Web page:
First impression on unpacking the Q702 test unit was the solid feel and clean, minimalist styling.
Hands-on: Microsoft's Office Web Apps
- — 29 September, 2009 02:53
The just-released Technical Preview of Office Web Apps is a still-incomplete piece of work that points the way towards Microsoft's vision of integrating Web-based and client-based versions of Microsoft Office.
When it launches next year, Office Web Apps will consist of four applications: Excel, PowerPoint, Word and OneNote. In the Technical Preview, many features are missing from the apps, and some are more fully developed than others. For example, in Word you can only view documents, while in Excel you can create spreadsheets, edit them and collaborate with other users. OneNote isn't available at all yet.
Even at launch there will still be some features missing. For example, only Excel and OneNote will allow co-authoring (letting multiple people collaborate on a document simultaneously). Neither Word nor PowerPoint will have those features at launch, although Microsoft says they will be added in the future.
Office Web Apps works on Internet Explorer (version 7 and later), as well as on Safari (version 4 and later) and Firefox (version 3.5 and later). Chrome is not supported. There was only one exception to this rule: If you're working on a document on Office Web Apps on your PC, and want to open that document locally in Microsoft Office on your PC, you'll need IE7 or later.
I used it on Windows, Mac and Linux platforms, and it worked the same on all three. You'll also need Microsoft Office 2003, 2007 or 2010 (also in Technical Preview) on your PC. On the Mac, you'll need Office 2008 or greater.
Understanding the different versions
Just as there are different versions of Microsoft Office, there will be different versions of Office Web Apps:
* The consumer version, which is what I tested, will be free, although "free" will come at a price when it comes to the user experience, because it will include advertisements. There are no ads yet, and so no way to know whether they will be disruptive or barely noticeable. As of now, Microsoft has no plans for releasing a for-pay consumer version of Office Web Apps that will allow you to dispense with the ads.
The consumer version is tied to Microsoft SkyDrive, Microsoft's free online storage service. That's where you'll store, create, edit and share your Office Web Apps documents. The service lets you designate certain folders as private and others as shareable with people you specify or with anyone.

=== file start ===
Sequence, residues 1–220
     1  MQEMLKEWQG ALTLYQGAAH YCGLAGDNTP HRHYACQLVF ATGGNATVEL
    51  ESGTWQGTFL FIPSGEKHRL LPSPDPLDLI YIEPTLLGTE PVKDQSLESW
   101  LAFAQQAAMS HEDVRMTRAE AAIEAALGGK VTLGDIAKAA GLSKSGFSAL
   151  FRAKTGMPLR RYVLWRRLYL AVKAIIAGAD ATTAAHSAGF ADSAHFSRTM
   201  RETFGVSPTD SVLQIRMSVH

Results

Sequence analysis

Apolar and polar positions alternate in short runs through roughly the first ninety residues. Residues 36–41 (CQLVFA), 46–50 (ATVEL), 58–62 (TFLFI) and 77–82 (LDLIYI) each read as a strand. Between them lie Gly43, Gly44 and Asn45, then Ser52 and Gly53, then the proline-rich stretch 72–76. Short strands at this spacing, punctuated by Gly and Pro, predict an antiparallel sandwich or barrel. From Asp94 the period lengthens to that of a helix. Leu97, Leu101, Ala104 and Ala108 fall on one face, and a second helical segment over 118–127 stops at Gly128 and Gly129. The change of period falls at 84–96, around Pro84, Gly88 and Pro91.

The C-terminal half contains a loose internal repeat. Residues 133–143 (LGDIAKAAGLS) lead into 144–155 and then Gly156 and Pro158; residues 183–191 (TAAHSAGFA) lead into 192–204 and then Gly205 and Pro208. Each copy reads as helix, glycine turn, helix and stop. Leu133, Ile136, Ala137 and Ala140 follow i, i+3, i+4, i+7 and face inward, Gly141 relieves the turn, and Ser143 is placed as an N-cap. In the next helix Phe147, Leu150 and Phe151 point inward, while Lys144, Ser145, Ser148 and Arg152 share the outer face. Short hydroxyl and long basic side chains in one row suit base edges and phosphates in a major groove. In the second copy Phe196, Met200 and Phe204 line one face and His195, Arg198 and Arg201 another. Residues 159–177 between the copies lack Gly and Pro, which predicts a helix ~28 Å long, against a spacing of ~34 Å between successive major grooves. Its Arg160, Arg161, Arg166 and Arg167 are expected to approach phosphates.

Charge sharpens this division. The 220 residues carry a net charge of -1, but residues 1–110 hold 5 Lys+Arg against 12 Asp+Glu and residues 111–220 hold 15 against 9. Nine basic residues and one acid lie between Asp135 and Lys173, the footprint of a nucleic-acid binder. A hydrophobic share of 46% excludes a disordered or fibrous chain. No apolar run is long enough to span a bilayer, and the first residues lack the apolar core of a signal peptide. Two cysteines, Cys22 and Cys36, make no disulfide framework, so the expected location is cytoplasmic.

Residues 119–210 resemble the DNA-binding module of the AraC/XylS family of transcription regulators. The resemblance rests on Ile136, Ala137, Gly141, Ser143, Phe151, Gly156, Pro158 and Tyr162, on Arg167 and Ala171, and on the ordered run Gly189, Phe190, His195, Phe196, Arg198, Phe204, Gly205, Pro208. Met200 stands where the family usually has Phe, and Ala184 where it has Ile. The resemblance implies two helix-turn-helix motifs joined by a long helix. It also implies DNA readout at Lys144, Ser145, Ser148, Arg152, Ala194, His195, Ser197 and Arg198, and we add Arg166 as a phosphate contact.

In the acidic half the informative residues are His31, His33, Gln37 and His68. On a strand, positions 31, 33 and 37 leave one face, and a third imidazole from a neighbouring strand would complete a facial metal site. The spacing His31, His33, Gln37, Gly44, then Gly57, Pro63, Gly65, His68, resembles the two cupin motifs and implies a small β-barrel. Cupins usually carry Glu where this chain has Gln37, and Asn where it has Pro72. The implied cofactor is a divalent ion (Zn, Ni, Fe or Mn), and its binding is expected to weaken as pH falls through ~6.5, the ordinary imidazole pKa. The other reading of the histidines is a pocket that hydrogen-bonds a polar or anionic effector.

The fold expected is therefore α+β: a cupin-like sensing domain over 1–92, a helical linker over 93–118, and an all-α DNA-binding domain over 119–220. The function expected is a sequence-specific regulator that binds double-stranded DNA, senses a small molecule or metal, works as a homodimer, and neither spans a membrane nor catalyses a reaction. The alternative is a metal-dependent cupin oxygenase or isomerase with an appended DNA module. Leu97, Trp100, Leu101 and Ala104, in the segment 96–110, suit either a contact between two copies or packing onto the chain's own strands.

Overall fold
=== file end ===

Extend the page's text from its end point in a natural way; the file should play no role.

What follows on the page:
* The hosted version will be available to business customers who pay for hosted accounts on Microsoft Online Services, which is powered by SharePoint. No ads will be in the interface.
* The corporate, in-house version is for enterprises with volume licenses for Microsoft Office and a SharePoint server. In this version, enterprises will host Office Web Apps on their own SharePoint server. No ads will be in the interface. Enterprises will not have to pay extra for this; it will be part of the volume license for Microsoft Office.
Most of the features of these three versions will be identical, although there will be some minor differences. Besides ads, the consumer version will include a feature that allows publishing to third-party blogs, Web sites and wikis, something that the other two versions won't allow. The other versions, though, will track document lifecycles, allow for backup and restore, and give IT staff control over how the application is deployed and used.
Your Office home in the cloud
Office Web Apps uses Microsoft's Windows Live SkyDrive online service as its home base. In order to use Web Office Apps, you navigate to a special area of SkyDrive, where you get 25 GB of free storage space.
From here, you can go to a My Documents page where you can create new Office documents, upload files, create folders, and manage sharing and permissions.
Click any document, and you'll see a screen that shows basic information about the document, including file size, the date it was created or uploaded, the last date it was worked on and so on. The page also lets people make comments about the document. You can view the document, edit it, download it to your computer, move it to a different folder, copy it and rename it.
Once you start using it, Office Web Apps looks and feels much like the client-based version of Office; in fact, it looks more like a polished client application than a Web-based one. It displays Office documents in full fidelity so that they look exactly the same way online as they do on your PC.